Alisha Walker is not the woman the media and the courts have made her out to be. According to her mother, Sherri Chatman, Walker is a sweet, funny, outgoing girl. She had just enrolled in Stark State College before these events and was excited to become a student again. In our phone conversations with Walker, she’s always been concerned with our well-being, and her positivity in spite of being incarcerated for 22 hours a day, every day, is inspiring. Like many women of color, especially working class sex workers, she has been reduced by the media to only her most stigmatized traits, not presented as the complete person she is. Walker’s status as a sex working woman of color revokes her right to survive in the eyes of this world.

In a case a few years ago in Texas, a client-turned-murderer was cleared for doing exactly what Filan tried to do—demand unprotected sex, and attack when refused, ultimately murdering the woman involved for trying to protect herself. The ruling in the Texas case proved to us that sex workers are seen as less than human, undeserving of rights and protections while working because of the criminalization of their labor and the stigma they bear.

People do not often rally around a whore, and when they do, that whore is typically not a woman of color. Sex workers of color like Walker are even more likely to face discrimination because of the New Jim Crow tactics of the criminal justice system in the U.S. Black women’s lives are already seen as not having value, and when they are a part of the sex working class they are rendered monsters in the media when they defend themselves. This begs the question: Who has the right to survive, and the right to self-defense?

This is why those of us in Support Ho(s)e—a radical ho collective recently formed in Chicago—have rallied around Walker and her family and are doing what we can to offer them support and ultimately get Walker free. We’ve been very fortunate to receive help from other organizations and people here in Chicago, including the Chicago chapter of the Sex Workers Outreach Project, Mothers United Against Violence and Incarceration, Survived and Punished, and Love & Protect. These groups have supported our organizing efforts, from assisting with fundraising, legal aid, and social media campaigns, to participation in actions that we’ve coordinated. Our community is small, but it is growing. We are working urgently to get competent legal counsel for Walker, as her most recent appeal was denied due to the unpreparedness of her previous attorney.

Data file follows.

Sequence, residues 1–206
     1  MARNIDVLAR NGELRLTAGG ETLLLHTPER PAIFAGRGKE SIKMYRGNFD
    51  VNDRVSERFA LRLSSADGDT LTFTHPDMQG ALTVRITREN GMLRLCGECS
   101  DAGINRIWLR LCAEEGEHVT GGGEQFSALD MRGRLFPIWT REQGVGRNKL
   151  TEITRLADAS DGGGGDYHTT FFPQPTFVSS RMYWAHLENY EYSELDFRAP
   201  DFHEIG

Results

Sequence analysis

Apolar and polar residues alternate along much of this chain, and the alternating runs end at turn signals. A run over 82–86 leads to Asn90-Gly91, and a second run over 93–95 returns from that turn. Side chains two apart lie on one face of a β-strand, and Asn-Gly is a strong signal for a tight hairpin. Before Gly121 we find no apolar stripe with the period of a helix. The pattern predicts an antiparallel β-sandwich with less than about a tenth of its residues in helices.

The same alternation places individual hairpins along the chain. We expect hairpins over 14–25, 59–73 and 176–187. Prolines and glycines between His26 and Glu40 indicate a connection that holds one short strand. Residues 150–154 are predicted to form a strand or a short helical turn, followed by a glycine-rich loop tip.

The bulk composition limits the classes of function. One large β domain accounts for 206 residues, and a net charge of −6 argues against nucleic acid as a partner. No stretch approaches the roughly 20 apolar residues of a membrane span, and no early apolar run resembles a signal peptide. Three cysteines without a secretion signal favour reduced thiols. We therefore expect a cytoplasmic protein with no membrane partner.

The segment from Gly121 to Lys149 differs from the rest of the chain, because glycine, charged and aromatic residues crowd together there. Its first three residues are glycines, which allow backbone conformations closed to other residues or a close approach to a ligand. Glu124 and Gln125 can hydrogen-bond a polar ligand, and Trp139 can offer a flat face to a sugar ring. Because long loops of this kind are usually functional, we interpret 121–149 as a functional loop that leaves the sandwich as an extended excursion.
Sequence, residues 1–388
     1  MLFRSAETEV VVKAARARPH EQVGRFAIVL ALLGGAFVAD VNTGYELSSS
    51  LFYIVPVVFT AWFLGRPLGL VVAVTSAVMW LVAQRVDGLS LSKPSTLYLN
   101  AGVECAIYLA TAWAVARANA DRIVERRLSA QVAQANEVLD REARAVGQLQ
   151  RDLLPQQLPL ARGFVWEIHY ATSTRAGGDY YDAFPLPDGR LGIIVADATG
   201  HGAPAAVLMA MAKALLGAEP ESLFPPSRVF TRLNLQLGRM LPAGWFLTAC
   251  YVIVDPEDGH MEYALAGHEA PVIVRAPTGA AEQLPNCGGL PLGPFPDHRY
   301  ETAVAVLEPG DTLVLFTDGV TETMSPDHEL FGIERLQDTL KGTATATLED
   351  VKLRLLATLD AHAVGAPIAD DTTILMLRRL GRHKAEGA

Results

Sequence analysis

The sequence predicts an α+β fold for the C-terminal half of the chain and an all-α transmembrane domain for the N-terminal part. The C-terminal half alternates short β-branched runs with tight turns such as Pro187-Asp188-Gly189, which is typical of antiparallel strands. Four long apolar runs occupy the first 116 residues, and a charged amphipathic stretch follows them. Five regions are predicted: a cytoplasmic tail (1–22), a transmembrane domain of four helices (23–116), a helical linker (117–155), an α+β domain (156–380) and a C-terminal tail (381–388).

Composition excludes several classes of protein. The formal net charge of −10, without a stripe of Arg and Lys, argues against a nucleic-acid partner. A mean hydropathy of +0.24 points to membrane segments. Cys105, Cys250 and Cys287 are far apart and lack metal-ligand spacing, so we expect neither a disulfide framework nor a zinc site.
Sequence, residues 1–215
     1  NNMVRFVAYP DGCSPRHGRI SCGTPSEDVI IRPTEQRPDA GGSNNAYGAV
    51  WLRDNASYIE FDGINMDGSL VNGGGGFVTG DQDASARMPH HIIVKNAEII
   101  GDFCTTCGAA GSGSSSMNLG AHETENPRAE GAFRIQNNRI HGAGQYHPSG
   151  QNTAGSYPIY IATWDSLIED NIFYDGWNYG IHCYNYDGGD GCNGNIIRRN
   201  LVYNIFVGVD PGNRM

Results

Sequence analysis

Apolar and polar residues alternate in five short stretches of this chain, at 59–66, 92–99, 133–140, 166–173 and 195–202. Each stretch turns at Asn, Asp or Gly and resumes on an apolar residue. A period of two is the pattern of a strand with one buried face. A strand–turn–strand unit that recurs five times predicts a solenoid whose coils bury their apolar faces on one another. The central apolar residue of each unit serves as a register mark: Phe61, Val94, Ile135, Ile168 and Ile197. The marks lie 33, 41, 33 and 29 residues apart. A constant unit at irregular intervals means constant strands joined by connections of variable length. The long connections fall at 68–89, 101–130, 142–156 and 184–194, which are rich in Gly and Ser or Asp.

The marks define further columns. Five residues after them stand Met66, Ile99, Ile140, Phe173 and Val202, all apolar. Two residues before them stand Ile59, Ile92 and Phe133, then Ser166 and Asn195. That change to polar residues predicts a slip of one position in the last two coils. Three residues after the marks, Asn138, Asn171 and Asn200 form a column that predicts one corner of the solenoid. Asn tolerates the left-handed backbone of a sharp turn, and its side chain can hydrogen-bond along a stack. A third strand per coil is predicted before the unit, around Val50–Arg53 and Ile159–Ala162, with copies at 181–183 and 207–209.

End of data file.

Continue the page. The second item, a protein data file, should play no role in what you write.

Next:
Demonstration in support of Alisha Walker on March 31st, at Chicago's Daley Plaza. (Courtesy of Bob Simpson)
Demonstration supporting Alisha Walker on March 31st, at Chicago’s Daley Plaza. (Courtesy of Bob Simpson)

We recently received our first correspondence from Walker within a passage in a letter to her mother, which her mother shared with us. Walker writes about being amazed at the outpouring of love and support she’s received from strangers: “Everyone was upset at how the judge spoke to me and that they’re all here for me and ready to help out any way they can? I was so amazed. I almost cried. I thought everyone hated me.”

Alisha Walker is more than her act of self-defense and she is more than her profession, though both of these aspects of her are important and also deserve our respect. She is certainly more than a mugshot or a sensationalized headline. She is a young woman who is being targeted by a court system and media that seek to dehumanize and demonize her. We are flipping this script with the help of Walker and her mother. We are articulating their narrative in the hope of finding justice for them and freedom for Alisha Walker.

For readers who are interested in taking steps to show their solidarity: Alisha Walker is currently being held in the Logan Correctional Center. You can send mail to her there at Alisha Walker ‪#‎Y12381‬ Logan Correctional Center 1096 1350th St PO BOX 1000, Lincoln, IL 62656. If you are able, you can send her commissary funds directly through JPay. Walker’s mother has also set up a fundraising page to help cover legal fees and other expenses. If you are unable to give, please share the page. You can also follow Support Ho(s)e on Twitter @supporthosechi or like our Facebook page.